You’re in front of the mirror. Putting on that new shirt. Your favorite pair of pants. That delicious cologne that seems to turn heads and linger forever.
Making your way to a gay bar, there might be a lot of thoughts racing through your mind. Where will the night end? Who will I meet? Will I find love? Will I make it home with my wallet, phone, and keys intact?
I’ve heard from gay men, and have experienced myself, this rumbling of not feeling welcome in certain gay bars. In some instances, there are valid reasons: someone says something completely racist or you run into people who are just plain bitchy or rude.
Other times, there wasn’t a specific incident, just cues picked up from men throughout the bar – looks of apparent disinterest, no second glances, feelings of being invisible. We tend to quickly interpret these cues and give them meaning without consciously noticing that we are making interpretations. I don’t fit in here, you think. I’m not welcome. The gay community is shallow and unwelcoming.
How often, as you’re walking into a gay bar, do you ask yourself, “What are my expectations?”
This is an incredibly important question for many reasons. First, it brings to mind what you actually want or hope for from the night. Do you expect to be noticed? Fawned over? Do you expect men to flock to your side and buy you a drink? Do you expect to meet a new best friend or have the time of your life? Do you just want to have fun?
Second, expectations can help clarify what you’re looking for from the place itself. Do you expect to be validated by others? Show that you are accepted? Do you secretly desire to become the center of attention? Are you hoping to meet that Prince Charming or at least find someone to go home with? Are you looking for meaning in a space that may or may not be able to give it to you? Are you looking for fulfillment and connected among strangers?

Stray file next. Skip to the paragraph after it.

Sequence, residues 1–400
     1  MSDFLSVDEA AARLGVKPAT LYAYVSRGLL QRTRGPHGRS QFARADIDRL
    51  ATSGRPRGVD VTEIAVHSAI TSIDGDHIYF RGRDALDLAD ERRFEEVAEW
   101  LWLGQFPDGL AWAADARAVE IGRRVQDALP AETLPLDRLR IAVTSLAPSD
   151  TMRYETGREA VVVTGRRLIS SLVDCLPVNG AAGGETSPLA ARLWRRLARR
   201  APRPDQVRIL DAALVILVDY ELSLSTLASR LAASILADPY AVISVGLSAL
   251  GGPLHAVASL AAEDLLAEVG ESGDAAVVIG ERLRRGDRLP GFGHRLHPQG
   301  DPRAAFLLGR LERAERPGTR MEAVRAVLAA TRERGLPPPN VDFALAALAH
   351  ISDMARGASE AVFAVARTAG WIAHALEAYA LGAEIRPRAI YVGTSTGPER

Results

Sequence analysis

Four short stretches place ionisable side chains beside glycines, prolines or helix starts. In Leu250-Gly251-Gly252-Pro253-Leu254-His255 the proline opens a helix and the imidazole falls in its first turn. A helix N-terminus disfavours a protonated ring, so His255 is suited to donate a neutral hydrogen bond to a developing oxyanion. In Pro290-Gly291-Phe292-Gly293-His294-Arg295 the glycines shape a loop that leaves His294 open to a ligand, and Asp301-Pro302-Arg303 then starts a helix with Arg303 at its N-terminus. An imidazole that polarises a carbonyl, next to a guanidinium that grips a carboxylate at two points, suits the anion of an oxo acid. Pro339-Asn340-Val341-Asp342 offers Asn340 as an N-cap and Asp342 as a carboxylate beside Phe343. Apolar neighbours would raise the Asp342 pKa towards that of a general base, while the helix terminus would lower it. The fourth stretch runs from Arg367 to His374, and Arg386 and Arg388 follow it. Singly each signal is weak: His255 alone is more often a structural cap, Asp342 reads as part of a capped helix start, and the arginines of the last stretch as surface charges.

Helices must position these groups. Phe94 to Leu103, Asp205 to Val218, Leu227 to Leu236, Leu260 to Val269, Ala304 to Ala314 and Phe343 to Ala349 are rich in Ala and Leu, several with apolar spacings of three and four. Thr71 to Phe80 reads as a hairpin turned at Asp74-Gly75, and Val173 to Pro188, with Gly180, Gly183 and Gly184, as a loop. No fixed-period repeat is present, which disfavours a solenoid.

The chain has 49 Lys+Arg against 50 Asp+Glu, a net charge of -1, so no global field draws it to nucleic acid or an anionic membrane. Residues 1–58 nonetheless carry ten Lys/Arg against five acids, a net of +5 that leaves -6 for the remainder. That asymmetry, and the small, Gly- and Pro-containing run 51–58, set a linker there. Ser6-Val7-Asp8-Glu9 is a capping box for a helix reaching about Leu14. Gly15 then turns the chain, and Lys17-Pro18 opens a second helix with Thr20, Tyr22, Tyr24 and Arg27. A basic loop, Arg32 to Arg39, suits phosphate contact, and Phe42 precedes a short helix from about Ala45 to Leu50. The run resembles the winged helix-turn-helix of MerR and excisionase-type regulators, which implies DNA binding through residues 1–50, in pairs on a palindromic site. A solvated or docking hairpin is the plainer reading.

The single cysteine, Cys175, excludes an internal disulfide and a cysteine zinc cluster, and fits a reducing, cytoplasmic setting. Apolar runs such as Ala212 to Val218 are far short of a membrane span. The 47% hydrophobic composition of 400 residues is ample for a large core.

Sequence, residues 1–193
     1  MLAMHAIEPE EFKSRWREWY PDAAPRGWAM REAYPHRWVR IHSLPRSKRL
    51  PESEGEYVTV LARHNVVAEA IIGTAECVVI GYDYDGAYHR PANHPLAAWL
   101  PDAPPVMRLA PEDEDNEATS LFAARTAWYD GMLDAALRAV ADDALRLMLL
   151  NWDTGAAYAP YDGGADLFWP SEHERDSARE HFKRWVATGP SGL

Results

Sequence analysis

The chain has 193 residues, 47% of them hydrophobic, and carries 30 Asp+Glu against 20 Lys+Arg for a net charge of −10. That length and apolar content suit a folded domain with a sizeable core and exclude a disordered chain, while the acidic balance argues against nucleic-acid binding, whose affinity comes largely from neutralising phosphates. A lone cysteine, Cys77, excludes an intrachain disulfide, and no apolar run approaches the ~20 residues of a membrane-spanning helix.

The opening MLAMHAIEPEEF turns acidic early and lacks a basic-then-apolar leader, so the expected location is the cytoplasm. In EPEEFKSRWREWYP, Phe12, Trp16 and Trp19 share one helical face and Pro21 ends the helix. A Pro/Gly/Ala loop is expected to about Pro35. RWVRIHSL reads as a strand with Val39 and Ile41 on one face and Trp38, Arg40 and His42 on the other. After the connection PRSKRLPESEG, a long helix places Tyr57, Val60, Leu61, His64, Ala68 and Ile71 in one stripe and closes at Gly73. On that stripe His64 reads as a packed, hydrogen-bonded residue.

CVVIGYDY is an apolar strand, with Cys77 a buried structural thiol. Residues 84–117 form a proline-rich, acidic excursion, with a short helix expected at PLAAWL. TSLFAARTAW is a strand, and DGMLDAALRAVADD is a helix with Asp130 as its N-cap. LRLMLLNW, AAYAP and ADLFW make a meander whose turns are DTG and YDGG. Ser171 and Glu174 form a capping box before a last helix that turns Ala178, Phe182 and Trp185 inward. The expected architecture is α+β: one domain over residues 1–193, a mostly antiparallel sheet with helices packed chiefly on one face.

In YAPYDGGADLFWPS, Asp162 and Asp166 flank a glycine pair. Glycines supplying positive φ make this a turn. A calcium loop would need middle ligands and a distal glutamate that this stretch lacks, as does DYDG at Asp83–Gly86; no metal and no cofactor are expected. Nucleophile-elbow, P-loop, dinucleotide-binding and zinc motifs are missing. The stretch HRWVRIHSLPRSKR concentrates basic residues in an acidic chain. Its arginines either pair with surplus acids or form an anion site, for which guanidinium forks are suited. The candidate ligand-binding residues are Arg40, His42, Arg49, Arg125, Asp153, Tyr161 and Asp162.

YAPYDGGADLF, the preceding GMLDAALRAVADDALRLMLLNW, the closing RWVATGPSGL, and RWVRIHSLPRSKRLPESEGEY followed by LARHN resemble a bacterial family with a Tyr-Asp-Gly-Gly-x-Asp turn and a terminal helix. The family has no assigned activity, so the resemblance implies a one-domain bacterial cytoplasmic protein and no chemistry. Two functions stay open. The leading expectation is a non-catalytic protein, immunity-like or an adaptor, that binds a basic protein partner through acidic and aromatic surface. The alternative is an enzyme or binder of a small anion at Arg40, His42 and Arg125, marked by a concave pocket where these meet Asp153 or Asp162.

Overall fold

I often wonder what purpose gay bars serve today.
While culture, overall, is more friendly and accepting toward LGBT people, the identity of the gay bar seems to have stayed the same. If gay bars, decades ago, were places to find solidarity and a feeling of being safe and accepted, do they still serve that purpose today? And is that memory of the gay bar of the past sort of romanticized? I don’t know all of the answers to these questions.
Part of me thinks that while gay men are basking in more acceptance from the larger culture, we also want our “institutions” to remain static. These are “our bars” and “our neighborhoods”. Maybe gay bars don’t serve the same purpose today that they did twenty or thirty years ago. Can we be okay with that? Are we resisting adapting to this changing world? Is it time we focus on shaping our present and future rather than trying to hold on tightly to the past? Is nostalgia the way forward or is it holding us back?
Bars themselves are a little more interested in selling booze than creating an environment of acceptance and diversity. Sure, bars are in the people business. But they’re also in the money-making business first and foremost.
There’s no doubt many gay men find a sense of togetherness in gay bars. Otherwise, why would anyone keep going? However, it’s not everyone’s experience.
Not feeling welcome or uncomfortable in a gay bar doesn’t ever say anything about your value as a gay man.
Take a second to think about your expectations before you step foot into a gay bar and see how your experience might change. And where else might you look for genuine connection and a sense of togetherness with other gay men?